Predicting colorectal polyp recurrence using time-to-event analysis of medical records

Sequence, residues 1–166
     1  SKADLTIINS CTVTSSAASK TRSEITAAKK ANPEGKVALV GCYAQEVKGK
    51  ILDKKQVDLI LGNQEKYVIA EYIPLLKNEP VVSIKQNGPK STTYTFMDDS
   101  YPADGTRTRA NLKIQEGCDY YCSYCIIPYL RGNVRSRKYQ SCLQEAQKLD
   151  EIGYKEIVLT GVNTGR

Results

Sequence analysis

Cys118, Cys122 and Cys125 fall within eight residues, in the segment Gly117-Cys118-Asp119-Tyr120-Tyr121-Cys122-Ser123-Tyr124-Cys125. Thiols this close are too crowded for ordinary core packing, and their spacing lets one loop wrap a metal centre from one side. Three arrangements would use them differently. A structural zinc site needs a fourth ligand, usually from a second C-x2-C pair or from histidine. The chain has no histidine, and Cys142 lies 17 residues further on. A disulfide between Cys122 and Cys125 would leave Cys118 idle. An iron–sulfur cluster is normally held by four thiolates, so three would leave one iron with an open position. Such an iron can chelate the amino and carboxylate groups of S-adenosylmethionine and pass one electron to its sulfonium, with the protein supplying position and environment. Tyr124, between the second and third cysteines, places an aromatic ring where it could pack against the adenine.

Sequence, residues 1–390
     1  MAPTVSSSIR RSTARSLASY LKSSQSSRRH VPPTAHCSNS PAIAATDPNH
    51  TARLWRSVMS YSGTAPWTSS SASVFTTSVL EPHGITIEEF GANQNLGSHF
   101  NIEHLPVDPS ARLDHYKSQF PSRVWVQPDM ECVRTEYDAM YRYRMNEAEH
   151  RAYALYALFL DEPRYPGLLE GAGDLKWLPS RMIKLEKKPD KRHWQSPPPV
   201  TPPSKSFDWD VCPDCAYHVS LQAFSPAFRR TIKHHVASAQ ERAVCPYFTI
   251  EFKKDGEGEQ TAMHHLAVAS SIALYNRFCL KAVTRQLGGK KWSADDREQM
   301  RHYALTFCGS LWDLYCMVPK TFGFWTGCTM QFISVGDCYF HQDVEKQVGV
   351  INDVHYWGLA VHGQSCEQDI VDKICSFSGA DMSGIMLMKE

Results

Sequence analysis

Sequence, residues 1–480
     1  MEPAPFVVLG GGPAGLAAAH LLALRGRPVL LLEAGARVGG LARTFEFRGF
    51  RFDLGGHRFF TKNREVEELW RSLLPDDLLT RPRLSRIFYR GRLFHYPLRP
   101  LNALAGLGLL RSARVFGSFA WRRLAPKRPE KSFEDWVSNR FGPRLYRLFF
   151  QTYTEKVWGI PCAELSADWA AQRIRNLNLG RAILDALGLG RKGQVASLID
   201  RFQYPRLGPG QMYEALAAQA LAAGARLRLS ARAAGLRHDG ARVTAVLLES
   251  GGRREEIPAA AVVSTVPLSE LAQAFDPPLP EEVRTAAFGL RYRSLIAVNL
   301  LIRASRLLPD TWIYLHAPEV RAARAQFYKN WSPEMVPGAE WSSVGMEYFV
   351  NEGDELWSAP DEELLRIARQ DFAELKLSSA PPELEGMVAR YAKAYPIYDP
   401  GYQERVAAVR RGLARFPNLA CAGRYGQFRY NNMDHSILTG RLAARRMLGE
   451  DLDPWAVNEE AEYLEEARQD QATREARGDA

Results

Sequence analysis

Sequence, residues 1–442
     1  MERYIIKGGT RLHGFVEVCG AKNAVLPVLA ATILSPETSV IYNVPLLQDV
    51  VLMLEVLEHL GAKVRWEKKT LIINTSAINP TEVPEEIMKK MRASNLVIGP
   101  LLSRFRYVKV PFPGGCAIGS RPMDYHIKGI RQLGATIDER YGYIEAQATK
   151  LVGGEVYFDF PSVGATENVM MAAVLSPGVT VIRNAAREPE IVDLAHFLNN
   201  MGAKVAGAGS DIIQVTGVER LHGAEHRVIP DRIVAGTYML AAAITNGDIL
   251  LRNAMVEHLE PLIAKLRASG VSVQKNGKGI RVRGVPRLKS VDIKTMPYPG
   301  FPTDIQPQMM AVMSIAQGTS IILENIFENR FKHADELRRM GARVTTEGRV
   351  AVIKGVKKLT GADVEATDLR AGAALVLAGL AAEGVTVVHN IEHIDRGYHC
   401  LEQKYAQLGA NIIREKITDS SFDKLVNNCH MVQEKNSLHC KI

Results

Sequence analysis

Identifying patient characteristics that influence the rate of colorectal polyp recurrence can provide important insights into which patients are at higher risk for recurrence. We used natural language processing to extract polyp morphological characteristics from 953 polyp-presenting patients' electronic medical records. We used subsequent colonoscopy reports to examine how the time to polyp recurrence (731 patients experienced recurrence) is influenced by these characteristics as well as anthropometric features using Kaplan-Meier curves, Cox proportional hazards modeling, and random survival forest models. We found that the rate of recurrence differed significantly by polyp size, number, and location and patient smoking status. Additionally, right-sided colon polyps increased recurrence risk by 30% compared to left-sided polyps. History of tobacco use increased polyp recurrence risk by 20% compared to never-users. A random survival forest model showed an AUC of 0.65 and identified several other predictive variables, which can inform development of personalized polyp surveillance plans.

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